Preparations. Carmenere is divine with savory dishes, especially earthy stews, and moderately spicy or even hot spicy dishes. It goes well with vegetables alone or meats and vegetables. It also handles well spicy dishes off the grill. As shown in thetable, Carmenere pairs well with the cuisines of many countries.


Dishes to Pair with Carmenere


Corn dishes such as Pastel de Choclo (corn and meat pie); Churrasco with Pebre (Grilled Beef Tenderloin with Chilean Cilantro Sauce)


Hot and spicy foods like lamb curry and many other Indian dishes, especially those with eggplant and tomatoes, and tandoori chicken



Click here to read the rest of this article from International Wine Review

Pairing Food and Wine of the Western Loire

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The Loire Valley is one of France’s most exciting culinary regions. The sea, rivers, forests, and farms offer a bounty of fresh ingredients that make the Loire a wonderland of fine and varied cuisine. Likewise, few regions in the world can match the variety and quality of Loire Valley’s white, red, rose, sweet, dry and sparkling wines. Below is a sampling of the rich variety of food found in the Western Loire and the wines that best accompany them.

Sea Food and Fish.
Sea Food and Fish

Loire cuisine features marvelous seafood: oysters, mussels, shrimps, prawns, anchovies and sardines. Oysters on the half-shell are one of the Loire’s most enjoyable culinary experiences. Vendée-Atlantic Oysters. (distinctively colored Vendée Atlantic oysters found in the port at Bec), are especially valued. Muscadets are also the classic wine for pairing with oysters, owing to their crisp, tart and minerally character.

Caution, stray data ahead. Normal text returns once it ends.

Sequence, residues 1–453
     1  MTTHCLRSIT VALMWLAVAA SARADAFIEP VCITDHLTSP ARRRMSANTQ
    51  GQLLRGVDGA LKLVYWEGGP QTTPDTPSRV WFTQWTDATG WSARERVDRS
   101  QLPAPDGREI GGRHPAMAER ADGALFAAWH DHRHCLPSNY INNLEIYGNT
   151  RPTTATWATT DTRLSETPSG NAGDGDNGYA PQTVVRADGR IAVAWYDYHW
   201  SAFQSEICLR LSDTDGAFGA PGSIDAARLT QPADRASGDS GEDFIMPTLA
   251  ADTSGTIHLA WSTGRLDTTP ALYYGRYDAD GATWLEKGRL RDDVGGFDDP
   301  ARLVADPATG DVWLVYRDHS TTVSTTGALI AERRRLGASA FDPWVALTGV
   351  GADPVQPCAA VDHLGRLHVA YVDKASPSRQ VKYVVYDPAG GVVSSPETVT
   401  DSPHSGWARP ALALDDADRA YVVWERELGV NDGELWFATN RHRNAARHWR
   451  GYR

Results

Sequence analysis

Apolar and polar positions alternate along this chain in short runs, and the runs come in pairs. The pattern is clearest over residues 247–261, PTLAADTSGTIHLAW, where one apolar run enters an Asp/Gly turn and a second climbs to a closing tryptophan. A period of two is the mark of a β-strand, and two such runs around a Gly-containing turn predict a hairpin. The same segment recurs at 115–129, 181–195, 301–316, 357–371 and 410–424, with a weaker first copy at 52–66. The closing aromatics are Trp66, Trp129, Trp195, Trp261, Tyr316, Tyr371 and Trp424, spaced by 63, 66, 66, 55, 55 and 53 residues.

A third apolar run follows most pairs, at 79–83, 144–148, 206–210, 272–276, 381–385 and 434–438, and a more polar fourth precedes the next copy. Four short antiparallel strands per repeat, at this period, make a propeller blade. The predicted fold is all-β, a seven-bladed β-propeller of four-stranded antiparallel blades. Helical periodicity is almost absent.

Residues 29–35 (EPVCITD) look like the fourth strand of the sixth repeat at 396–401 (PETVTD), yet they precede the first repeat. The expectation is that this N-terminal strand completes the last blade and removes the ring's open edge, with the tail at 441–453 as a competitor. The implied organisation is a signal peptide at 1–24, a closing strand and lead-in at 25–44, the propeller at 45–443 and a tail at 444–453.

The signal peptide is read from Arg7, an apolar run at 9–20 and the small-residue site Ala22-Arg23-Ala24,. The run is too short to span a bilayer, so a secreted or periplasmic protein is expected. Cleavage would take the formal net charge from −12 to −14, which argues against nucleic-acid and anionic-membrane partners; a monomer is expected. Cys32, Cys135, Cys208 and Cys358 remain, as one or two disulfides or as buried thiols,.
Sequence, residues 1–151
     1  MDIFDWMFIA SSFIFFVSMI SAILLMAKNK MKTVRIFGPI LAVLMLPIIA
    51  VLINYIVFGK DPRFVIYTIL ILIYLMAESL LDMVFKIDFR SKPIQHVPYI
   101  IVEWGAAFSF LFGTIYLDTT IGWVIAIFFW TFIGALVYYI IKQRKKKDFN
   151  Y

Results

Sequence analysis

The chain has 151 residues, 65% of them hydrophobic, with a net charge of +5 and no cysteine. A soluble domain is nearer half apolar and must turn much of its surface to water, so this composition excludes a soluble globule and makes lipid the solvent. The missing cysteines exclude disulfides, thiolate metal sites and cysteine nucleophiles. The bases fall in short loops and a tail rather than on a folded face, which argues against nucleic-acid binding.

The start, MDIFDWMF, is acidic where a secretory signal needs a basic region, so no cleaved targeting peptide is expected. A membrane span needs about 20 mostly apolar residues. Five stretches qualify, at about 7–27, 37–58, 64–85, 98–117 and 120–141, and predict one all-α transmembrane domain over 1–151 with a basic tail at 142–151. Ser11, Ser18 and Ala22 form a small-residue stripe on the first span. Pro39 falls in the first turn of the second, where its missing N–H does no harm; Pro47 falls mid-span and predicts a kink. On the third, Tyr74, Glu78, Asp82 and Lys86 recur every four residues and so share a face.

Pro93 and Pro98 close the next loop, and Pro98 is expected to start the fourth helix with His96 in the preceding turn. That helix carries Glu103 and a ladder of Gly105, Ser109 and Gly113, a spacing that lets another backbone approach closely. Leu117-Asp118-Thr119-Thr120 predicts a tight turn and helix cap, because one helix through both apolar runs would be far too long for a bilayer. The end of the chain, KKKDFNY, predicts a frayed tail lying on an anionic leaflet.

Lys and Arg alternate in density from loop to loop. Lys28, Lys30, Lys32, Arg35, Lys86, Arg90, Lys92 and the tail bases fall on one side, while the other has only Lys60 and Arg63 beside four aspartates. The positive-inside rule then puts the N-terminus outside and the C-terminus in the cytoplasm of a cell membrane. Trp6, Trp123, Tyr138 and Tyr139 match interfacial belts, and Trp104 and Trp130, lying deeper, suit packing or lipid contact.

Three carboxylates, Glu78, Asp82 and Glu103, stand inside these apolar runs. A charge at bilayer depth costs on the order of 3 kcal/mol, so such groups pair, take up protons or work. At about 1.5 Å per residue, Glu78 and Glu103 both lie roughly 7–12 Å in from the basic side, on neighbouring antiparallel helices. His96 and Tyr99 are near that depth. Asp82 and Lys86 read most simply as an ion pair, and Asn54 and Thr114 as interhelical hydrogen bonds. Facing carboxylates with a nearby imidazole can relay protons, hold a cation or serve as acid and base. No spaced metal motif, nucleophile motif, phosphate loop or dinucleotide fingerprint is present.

Mussels à la marinière and mussel soup with saffron are also among the region’s superb seafood dishes. Mussels are traditionally raised on posts in the Bay of Aguillon and are cultivated with much the same care as the oyster. Anchovies and sardines from Saint-Gilles-Croix-de-Vie and La Turballe are also widely available. From June to September baby sardines called Petits are caught and sold in Nantes. You can eat them raw or with butter and bread. Muscadets and Sauvingnieres pair beautifully with mussels, anchovies and other seafood dishes.

Freshwater Fish.

Freshwater fish such as salmon and lamprey, which spawn in the Loire are among the glories of the Valley’s cuisine. Matelote d’anguilles, a stew made of eels and red wine, a regional specialty, is ideally paired with a light red from Chinon, Bourgueil or Samur. Roast salmon or turbot served with a beurre blanc can also be heavenly. The Loire’s other noteworthy fish include sandre, or zander, often described as pikeperch, pike, bream, and shad. All these fish can taste heavenly, if prepared simply and paired with a ripe and flavorful Chenin Blanc. Simple grilled fish, pan-seared halibut, and above all freshwater whitebait, can also be paired nicely with Muscadet.  

Beurre blanc is the Nantai’s most famous cultinary contribution. It is made with butter, shallots, and a reduction of dry white wine, and vinegar It is highly versatile accompanying fish, but also cooked or grilled vegetables like asparagus. Muscadet may have been the wine used in the original beurre blanc.